All 54 B5Ns belonged the the 1st Group and were loaded with either two 250 kg or six 60 kg general-purpose bombs. Half of the planes were targeted to aircraft and hangars on Kaneohe, Ford Island and Barbers Point, with the other half targeted to Hickam field. EI-311 was one of these planes and, indeed, there is at least one good photo depicting it with the 6-bomb racks attached, flying in formation with other Kates.

A nevertheless capable aircraft compared to its Allied counterparts when introduced, this important plane was nearing obsolescence by 1941.

The fact that it became the standard carrier-based torpedo bomber of the Imperial Japanese Navy (IJN) for much of World War II was mostly due to the delayed development of its B6N successor. A total of 1149 were built with no intact example known to having survived today.

This is the elderly but still very nice kit, that was built within our friend's @lis Pacific Theater GB. Should you wish to read the full build review, you might do so by visiting my beloved site Modelingmadness:

Happy Modelling!
Reader reactions:
17  Awesome

51 responses

  1. You're an inspiration Spiros. Great job as ever.

  2. Nicely accomplished, Spiros.

  3. You guys all know your subject stuff. Excellent modelling and dialog Spiros. 😊

  4. Great job Spiros and explanation too !

  5. Great history, Spiros, a lot of information there, and your model looks great.

  6. Very nice work and great research - did you have to scratch any of the interior?

  7. Jasou Spiros @fiveten, a very beautiful build, i like the delicate green camo scheme a lot! Currently struggling with my Airfix Kate, so yours is definitely an inspiration!

  8. Great looking Kate - that is a scheme I may need to apply on one of the Kate's in my stash - pretty cool!

  9. @fiveten - Great write-up and really great build Spiros! Your airbrush camo pattern is very well done.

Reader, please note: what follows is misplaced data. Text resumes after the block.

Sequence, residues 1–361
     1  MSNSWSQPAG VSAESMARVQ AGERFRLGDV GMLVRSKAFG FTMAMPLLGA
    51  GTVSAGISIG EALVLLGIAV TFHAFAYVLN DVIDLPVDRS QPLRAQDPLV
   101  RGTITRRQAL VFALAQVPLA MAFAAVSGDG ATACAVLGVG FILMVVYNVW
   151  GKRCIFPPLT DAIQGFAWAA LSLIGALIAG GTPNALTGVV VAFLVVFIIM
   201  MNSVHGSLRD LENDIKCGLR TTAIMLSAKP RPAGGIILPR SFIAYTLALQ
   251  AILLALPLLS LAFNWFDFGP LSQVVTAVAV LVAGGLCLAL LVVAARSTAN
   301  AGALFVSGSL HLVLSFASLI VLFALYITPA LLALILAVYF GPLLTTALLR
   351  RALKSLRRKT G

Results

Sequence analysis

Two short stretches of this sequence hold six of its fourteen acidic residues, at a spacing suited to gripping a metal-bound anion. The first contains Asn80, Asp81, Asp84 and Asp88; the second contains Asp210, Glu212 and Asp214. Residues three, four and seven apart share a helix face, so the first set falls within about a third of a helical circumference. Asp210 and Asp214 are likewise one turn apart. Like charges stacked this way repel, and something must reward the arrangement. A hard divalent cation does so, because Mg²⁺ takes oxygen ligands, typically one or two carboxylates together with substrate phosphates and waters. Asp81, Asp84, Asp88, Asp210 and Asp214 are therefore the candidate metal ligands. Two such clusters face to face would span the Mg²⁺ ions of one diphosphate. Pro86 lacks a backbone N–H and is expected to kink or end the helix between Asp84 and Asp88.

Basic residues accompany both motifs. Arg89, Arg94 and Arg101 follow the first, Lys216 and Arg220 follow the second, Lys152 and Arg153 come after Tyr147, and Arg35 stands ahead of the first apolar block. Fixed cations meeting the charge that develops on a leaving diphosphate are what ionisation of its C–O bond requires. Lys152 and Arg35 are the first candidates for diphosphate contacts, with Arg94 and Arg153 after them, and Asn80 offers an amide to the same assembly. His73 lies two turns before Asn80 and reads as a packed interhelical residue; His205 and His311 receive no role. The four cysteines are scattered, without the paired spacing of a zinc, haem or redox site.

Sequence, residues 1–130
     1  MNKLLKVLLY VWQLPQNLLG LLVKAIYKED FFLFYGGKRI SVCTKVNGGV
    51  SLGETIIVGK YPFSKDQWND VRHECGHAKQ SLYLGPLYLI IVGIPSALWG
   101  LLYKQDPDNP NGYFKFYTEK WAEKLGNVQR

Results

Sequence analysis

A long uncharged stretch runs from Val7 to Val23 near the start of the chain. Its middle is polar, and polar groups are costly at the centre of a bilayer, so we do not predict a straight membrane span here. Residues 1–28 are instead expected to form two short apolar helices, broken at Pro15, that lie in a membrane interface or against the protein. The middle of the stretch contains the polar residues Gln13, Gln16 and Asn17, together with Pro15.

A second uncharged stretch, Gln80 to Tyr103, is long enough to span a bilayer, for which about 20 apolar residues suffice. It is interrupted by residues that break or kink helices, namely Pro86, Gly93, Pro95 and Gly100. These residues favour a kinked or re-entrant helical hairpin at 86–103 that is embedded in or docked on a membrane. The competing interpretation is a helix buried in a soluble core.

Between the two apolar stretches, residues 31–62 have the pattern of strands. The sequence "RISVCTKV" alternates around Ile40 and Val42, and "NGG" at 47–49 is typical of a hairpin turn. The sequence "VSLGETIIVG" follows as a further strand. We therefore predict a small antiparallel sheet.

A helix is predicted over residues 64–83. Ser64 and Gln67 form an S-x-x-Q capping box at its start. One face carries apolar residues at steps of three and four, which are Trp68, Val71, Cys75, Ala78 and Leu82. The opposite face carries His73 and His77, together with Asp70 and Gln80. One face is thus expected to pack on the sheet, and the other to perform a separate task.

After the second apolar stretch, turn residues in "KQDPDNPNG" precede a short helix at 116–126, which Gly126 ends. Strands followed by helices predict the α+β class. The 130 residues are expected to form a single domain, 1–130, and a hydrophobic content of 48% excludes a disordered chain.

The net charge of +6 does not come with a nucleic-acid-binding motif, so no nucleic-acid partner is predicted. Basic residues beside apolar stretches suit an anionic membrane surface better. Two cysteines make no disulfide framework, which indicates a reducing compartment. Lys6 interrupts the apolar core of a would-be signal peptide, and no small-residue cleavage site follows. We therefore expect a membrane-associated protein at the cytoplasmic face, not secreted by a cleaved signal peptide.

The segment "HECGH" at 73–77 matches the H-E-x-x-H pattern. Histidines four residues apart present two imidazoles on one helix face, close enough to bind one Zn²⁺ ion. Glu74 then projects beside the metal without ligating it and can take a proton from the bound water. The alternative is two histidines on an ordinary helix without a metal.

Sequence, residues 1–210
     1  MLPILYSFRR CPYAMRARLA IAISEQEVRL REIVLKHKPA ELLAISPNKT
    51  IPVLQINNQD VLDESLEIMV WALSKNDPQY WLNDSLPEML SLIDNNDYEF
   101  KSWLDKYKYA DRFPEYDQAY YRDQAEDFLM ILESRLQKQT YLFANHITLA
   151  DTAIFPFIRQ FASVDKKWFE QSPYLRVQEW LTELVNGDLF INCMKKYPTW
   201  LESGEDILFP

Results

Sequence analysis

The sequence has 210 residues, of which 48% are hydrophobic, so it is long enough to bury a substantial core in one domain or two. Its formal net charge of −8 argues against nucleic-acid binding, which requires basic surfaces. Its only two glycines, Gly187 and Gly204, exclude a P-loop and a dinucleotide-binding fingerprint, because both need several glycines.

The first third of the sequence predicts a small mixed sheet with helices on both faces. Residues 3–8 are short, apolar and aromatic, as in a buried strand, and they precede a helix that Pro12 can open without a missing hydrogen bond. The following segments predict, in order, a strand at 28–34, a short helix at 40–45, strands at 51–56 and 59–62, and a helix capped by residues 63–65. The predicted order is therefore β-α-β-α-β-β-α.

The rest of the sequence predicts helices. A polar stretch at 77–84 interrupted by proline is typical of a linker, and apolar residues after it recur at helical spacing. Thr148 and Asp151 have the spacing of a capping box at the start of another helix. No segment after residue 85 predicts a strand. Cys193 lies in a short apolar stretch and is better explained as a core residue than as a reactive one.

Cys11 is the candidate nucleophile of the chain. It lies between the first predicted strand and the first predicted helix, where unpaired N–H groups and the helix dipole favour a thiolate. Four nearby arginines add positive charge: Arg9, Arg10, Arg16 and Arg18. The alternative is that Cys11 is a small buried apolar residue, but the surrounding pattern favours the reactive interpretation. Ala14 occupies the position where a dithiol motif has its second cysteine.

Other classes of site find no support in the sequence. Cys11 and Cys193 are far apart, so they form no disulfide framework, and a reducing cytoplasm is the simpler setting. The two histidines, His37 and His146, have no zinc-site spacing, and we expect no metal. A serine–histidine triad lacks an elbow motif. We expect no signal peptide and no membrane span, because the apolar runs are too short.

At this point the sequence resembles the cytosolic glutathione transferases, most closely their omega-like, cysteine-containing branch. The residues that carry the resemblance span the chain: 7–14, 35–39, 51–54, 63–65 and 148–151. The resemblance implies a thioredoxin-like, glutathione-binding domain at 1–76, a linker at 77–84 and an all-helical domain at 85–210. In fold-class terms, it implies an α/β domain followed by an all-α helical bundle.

10. Great upscale build on this old beast Spiros! The added details and fine paint finish paid off.

  11. Brilliant work on this Spiros, great airbrush work ,way better than I could manage

  12. Another nice one for the display case, Spiros @fiveten. Appreciate the history of the Kate. Just how old is this Nichimo kit?

  13. An amazing result on this Kate, Spiros @fiveten
    Especially the field applied camouflage looks wonderful.
    The supporting article is a pleasure to read.

  14. Nice build of an old kit. The Nichimo Kate was one of my first builds many moons ago.

  15. Well done, Spiros! I decided to keep the one in my stash based upon your build. It almost didn’t make the cut til I saw how good yours is.

  16. Nice work on this one Spiros. Nichimo still hold up.

  17. Neat subject & kit choice, Spiros!

  18. Great job on this old Nichimo kit. It looks great and excellent read!

  19. Really good work on this @fiveten.

  20. Great looking Kate, Spiros (@fiveten). The Nichimo kit still makes up into a good-looking model. Well done. I have a 1/48 Hasegawa B5N2 that I am thinking about doing after I am through being grounded.

  21. Looks good Spiros. I wouldn't have been brave enough to try to free hand that paint scheme! The Kate has such a broad wing, similar to the Devastator, presumably to handle the heavy load of the torpedo...

  22. That's a great finish Spiros!

    Well done mate!

  23. Another piece of the veil lifted with this model !

  24. Very nice paiting! I love it!

  25. Great job Spiros! What color did you use for the wheel well?

  26. Thank you for sharing @fiveten!